There's a good editorial over at ZDNet by Violet Blue
, who writes in the "Zero Day" opinion column: Wake up: The celebrity nudes hack is everyone's problem. The celebrity nudes 'hacking' scandal is a wake up call about security and human nature.
The amount of private data theft going on right now is insane. Until the online revolution, our private spaces were our bedrooms and bathrooms, our homes, sex clubs, our phone calls and our inner fantasy worlds. Now, our private spaces for adult playtime include texts, emails and direct messages to trusted friends or family members, and especially photos. But that's only true if we really trust the person we share them with.
The problem we face now is that not everyone understands or agrees what constitutes a private space online. Online, private spaces include our email inboxes, chat rooms, IRC, social media profiles and their not-public messaging systems (Twitter DMs, Facebook chat), dating websites, message boards. Private space now includes all the places that our personal information resides.
I have an alternate theory, though I do agree with Violet Blue: maybe Web 2.0
and the "culture of sharing" is the problem? Web 1.0 wasn't so bad, if you ask me.
Munich city council's decision to move from Windows to Linux may be under scrutiny, but it's worth remembering it's not the only major organisation to have chosen open source for its desktops. Linux-based desktop operating systems face barriers to widespread adoption and skepticism about their future prospects due to their limited use today. Yet major users do exist, including companies such as Google and a small but growing number of government bodies. TechRepublic covers five of the major players that have invested seriously in Linux desktops
- French Gendarmerie
- US Dept of Defense
- yo mamma
Have you always wanted to share the silly fun of Sailor Moon with your geeklings? Now’s your chance! 23 episodes of the original, newly re-dubbed anime are now available online through Viz Media and Hulu.
If you suffered through the Sailor Moon DiC dub in the 90s, you’ll find things are different now. In Viz’s new dub, character names now match the manga. Sorry, Serena! The voice acting seems to be higher quality, with an admirable effort at matching the animated mouth movements without rushing the dialogue too much to fit the words in. Usagi is appropriately cute and whiny without being grating; my five-year-old commented more than once, “Sailor Moon is hilarious!”1
The opening and ending songs, as well as the background and transformation music, remain unchanged and undubbed, which made me happy as an anime watcher who prefers subs over dubs. (I’m a sub snob.)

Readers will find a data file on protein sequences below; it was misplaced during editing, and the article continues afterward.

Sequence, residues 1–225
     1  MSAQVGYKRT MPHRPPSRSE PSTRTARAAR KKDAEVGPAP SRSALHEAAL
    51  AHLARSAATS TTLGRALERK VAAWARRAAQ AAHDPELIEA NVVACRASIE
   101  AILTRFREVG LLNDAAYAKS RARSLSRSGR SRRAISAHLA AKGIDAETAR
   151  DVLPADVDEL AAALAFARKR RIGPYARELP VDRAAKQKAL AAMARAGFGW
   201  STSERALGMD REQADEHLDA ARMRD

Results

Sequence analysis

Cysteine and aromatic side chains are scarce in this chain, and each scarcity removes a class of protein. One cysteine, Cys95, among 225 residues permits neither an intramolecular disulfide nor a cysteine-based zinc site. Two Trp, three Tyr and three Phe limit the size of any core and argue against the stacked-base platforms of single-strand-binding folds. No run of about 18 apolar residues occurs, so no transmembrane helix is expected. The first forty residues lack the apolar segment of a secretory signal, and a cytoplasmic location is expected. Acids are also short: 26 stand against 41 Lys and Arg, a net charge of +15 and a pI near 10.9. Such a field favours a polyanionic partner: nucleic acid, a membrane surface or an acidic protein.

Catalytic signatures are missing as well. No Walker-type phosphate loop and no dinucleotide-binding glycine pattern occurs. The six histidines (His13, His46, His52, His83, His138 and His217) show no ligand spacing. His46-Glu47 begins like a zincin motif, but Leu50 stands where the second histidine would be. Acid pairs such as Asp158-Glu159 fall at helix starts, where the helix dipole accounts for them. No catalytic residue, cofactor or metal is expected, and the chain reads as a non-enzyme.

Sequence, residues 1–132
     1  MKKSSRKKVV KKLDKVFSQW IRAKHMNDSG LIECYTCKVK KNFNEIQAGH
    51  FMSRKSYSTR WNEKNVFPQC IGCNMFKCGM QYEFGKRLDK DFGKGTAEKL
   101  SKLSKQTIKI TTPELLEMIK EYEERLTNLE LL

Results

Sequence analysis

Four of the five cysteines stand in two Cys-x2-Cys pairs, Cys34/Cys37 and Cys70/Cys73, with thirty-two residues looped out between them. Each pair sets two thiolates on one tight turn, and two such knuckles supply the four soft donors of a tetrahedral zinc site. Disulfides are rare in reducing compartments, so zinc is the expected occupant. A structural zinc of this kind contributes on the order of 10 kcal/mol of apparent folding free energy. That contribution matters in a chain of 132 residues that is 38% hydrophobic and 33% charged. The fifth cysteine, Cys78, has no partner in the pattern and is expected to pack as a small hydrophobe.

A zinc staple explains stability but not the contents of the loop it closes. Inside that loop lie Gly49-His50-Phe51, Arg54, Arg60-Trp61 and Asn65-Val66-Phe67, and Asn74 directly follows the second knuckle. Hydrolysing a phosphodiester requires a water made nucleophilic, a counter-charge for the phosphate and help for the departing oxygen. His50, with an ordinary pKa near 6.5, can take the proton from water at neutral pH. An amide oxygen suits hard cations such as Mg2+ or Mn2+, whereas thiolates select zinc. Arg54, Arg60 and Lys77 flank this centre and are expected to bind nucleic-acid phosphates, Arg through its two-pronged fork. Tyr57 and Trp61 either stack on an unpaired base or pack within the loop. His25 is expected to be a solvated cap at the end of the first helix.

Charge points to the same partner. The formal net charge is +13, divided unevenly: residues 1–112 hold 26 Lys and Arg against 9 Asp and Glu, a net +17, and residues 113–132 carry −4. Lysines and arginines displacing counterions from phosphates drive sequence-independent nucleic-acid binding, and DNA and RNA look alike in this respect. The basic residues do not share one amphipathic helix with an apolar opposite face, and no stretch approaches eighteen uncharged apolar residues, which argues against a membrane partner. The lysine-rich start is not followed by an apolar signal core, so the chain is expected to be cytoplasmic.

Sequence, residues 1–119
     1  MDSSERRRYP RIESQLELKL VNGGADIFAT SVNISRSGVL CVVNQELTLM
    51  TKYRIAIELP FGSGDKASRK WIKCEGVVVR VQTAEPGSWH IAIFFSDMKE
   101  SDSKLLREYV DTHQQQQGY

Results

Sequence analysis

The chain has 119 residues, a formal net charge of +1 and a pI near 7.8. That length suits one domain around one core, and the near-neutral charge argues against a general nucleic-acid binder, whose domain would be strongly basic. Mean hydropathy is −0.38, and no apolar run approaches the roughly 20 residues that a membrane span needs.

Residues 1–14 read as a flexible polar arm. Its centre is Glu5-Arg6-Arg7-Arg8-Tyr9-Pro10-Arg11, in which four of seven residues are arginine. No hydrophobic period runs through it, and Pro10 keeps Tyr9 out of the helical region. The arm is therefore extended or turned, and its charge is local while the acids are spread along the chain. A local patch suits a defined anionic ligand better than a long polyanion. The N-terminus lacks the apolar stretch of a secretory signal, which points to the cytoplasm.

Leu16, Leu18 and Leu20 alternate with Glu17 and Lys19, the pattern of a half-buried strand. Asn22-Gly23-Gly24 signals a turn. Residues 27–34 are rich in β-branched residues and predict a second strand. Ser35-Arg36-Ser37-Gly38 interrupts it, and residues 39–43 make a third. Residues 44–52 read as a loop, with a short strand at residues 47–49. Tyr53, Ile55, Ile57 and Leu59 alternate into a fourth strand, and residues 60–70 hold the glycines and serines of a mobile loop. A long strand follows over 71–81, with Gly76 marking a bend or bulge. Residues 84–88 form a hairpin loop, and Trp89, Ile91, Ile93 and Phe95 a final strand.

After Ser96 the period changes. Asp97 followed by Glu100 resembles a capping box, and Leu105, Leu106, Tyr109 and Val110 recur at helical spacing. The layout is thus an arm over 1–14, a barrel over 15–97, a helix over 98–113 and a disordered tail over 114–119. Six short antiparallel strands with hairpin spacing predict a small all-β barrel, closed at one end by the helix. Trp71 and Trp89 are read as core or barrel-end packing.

This article is a bit of an experiment. Never covered manga and related on Pipedot before. If you're interested in this topic, speak up; if you're not I probably won't submit similar articles since they're not really my cup of tea.
The Tiobe Index this month shows both C++ and Java languages are less popular than they've ever been
, though they're still popular.
"Java and C++ are at an all-time low in the Tiobe index since its start in the year 2001. This doesn't necessarily mean that Java and C++ are on their way out. There is still a huge demand for these programming languages," Tiobe says. Based on a formula that analyzes searches on languages on a number of sites, Java's rating in the September index was 14.14 percent; C++ had a rating of 4.67 percent. Overall, Java ranked second in popularity, while C++ came in fourth.
That doesn't mean they're not still popular languages, and it doesn't mean they're not in demand. But the statistics do show their influence waning as newer and more focused programming languages gain in popularity to address domain-specific programming challenges, like Swift for Apple products, or Ruby [Ed note: for what?]. As usual, C#, PHP, and Python remain in high interest by the programming community. The Tiobe index itself is here
Well, can't blame the guy for asking. Over at ITWorld, Paul Venezia wonders, "Is it time to split Linux distros in two?
You can take a Linux installation of nearly any distribution and turn it into a server, then back into a workstation by installing and uninstalling various packages. The OS core remains the same, and the stability and performance will be roughly the same, assuming you tune they system along the way. Those two workloads are very different, however, and as computing power continues to increase, the workloads are diverging even more.
Maybe it's time Linux is split in two. I suggested this possibility last week when discussing systemd (or that FreeBSD could see higher server adoption), but it's more than systemd coming into play here. It's from the bootloader all the way up. The more we see Linux distributions trying to offer chimera-like operating systems that can be a server or a desktop at a whim, the more we tend to see the dilution of both. You can run stock Debian Jessie on your laptop or on a 64-way server. Does it not make sense to concentrate all efforts on one or the other?
There's quite a bit more to his argument than these two paragraphs so read on before pointing out that Linux distros are already
mostly divided into server and desktop focuses.